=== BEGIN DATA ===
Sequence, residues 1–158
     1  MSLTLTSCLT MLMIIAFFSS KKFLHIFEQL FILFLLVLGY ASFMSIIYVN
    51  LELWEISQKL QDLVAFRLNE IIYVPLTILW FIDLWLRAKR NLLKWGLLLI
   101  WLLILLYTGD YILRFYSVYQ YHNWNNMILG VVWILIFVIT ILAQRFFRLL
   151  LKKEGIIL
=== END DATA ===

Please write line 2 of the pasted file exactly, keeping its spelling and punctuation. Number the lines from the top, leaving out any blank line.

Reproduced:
     1  MSLTLTSCLT MLMIIAFFSS KKFLHIFEQL FILFLLVLGY ASFMSIIYVN